Existence of Dose atrophy of Vastus medialis obliquus and Va
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Patellofemoral pain syndrome (PFPS) is one of the most common musculoskeletal complaints and is characterized as pain in the anterior knee region when performing activities such as sitting, stair climbing, running, and squatting. The purpose of this study was to evaluate whether Vastus medialis obliquus (VMO) and Vastus lateralis muscle (VLM) atrophy exists in patients with PFPS and whether the amount of atrophy differs between VMO and VLM. It is hypothesized that VMO and VLM atrophy existed in the patients with PFPS, and atrophy of the VMO was more evident than that of the VLM.

A Study was conducted in which 61 patients with patellofemoral pain syndrome were retrospectively included in the study group, and an age-, sex-, and body mass index-matched cohort of 61 patients with normal knees was randomly selected as the control group. All enrolled subjects had undergone CT scans in the supine position. The cross-sectional areas of the vastus medialis obliquus and the vastus lateralis muscle in the sections 0, 5, 10, 15, and 20 mm above the upper pole of the patella were measured, and the vastus medialis obliquus/vastus lateralis muscle area ratio was evaluated.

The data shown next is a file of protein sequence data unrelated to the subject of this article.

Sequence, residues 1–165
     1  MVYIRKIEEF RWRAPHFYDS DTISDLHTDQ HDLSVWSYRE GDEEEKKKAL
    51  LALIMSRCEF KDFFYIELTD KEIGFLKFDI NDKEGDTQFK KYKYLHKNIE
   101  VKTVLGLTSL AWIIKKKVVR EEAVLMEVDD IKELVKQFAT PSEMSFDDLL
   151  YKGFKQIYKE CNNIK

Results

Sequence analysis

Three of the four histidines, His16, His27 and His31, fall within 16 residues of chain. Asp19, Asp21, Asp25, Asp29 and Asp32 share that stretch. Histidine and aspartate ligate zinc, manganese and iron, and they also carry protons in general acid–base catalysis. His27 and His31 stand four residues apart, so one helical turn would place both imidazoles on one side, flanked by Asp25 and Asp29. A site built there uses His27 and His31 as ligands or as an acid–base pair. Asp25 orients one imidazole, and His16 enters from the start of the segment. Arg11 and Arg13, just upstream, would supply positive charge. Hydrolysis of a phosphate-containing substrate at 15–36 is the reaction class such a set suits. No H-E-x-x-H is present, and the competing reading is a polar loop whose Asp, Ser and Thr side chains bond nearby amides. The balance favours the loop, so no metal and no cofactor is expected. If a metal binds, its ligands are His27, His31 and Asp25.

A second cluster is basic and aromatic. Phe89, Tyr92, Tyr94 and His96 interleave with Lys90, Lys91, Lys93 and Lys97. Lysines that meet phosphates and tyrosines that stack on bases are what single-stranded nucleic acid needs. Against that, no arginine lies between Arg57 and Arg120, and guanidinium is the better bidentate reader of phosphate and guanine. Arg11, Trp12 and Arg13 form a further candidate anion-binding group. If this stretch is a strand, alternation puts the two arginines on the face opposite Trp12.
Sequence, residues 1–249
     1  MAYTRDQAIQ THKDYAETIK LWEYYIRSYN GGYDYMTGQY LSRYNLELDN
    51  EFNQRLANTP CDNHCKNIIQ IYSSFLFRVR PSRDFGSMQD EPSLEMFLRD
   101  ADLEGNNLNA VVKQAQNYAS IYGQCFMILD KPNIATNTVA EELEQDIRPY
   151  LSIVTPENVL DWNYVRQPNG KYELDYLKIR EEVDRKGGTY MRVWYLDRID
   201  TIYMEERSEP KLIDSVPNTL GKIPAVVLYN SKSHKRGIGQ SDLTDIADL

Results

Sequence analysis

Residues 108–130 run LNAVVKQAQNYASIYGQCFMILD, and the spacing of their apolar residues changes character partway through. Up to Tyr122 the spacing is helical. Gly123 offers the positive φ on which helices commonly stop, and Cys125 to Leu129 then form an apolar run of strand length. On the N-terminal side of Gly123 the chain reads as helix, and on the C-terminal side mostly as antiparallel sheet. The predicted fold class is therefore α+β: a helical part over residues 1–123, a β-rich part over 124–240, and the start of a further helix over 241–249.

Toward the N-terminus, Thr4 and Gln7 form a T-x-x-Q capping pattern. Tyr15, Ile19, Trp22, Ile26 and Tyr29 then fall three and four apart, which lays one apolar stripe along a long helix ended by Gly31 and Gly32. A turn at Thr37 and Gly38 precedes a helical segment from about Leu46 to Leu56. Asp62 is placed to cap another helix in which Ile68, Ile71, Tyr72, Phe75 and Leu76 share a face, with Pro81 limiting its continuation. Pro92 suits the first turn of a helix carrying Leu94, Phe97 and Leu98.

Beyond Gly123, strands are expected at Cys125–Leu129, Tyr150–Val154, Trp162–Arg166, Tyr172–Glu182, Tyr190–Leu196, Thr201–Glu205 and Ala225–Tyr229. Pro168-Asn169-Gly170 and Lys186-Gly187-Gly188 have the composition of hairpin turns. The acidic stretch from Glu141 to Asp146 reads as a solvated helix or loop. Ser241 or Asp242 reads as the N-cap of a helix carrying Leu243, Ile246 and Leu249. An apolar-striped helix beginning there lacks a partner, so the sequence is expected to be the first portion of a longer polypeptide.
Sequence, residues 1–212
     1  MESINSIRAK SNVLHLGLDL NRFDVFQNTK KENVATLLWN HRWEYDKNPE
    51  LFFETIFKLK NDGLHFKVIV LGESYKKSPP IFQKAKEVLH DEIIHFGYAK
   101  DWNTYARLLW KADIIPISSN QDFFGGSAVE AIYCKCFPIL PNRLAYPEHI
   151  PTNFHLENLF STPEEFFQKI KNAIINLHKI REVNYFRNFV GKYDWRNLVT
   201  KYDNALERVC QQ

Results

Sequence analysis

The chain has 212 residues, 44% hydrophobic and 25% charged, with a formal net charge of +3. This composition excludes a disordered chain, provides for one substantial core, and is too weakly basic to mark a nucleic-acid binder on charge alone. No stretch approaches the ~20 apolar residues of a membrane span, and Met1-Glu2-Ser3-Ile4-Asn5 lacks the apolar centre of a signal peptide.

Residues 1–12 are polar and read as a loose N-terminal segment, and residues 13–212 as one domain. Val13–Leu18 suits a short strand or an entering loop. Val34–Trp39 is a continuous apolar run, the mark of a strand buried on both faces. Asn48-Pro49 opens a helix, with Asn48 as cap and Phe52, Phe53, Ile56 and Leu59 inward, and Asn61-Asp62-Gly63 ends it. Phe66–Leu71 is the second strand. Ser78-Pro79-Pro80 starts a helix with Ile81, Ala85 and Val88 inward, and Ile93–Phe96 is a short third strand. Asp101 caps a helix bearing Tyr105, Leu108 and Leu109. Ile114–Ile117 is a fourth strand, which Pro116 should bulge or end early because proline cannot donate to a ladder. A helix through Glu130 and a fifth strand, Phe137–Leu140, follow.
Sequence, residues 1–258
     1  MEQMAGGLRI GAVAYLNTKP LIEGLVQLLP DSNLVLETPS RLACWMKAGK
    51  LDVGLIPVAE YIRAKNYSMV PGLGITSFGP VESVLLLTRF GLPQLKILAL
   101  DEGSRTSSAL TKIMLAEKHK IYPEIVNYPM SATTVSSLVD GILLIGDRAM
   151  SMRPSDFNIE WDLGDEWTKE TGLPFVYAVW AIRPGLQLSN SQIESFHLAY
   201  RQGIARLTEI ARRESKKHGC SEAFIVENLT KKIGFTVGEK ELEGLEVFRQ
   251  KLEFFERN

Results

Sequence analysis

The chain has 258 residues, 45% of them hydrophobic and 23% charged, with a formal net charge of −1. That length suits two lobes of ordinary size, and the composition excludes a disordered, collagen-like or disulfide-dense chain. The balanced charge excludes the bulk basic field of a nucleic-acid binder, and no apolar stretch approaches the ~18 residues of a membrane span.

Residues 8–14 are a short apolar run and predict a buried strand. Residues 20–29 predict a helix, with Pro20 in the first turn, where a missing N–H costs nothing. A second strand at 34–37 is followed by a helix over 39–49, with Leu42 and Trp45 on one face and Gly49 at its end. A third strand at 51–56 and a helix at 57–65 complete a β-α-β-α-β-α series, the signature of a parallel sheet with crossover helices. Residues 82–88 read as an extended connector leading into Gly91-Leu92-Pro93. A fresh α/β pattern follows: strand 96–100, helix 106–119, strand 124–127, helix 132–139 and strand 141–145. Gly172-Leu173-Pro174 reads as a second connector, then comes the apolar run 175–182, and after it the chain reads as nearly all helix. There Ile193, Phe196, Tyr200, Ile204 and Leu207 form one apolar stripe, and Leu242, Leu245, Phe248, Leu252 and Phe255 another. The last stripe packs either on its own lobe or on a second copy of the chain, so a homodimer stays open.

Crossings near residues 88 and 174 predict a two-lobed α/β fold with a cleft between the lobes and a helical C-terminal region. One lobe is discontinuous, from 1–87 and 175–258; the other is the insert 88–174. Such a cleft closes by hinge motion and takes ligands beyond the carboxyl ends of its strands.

Results:
--In the study group, the vastus medialis obliquus areas and the vastus lateralis muscle areas in the sections that were 0, 5, 10, 15, and 20 mm above the upper pole of the patella were significantly smaller than the respective areas in the control group.

--The vastus medialis obliquus/vastus lateralis muscle area ratio was significantly smaller at the upper pole of the patella (the section 0 mm above the upper pole of the patella) than the corresponding ratio in the control group.

--No significant difference was noted between the two groups in the sections 5, 10, 15, and 20 mm above the upper pole of the patella.

In patients with patellofemoral pain syndrome, vastus medialis obliquus and vastus lateralis muscle atrophy existed in sections 0–20 mm above the upper pole of the patella, compared with normal controls, and atrophy of the vastus medialis obliquus was more evident than that of the vastus lateralis muscle at the upper pole of the patella.

Conclusively, these results support the reasoning for the use of general quadriceps exercise combined with vastus medialis obliquus strengthening exercise as part of the rehabilitation programme for the patients with patellofemoral pain syndrome.

Source: https://josr-online.biomedcentral.com/articles/10.1186/s13018-021-02251-6
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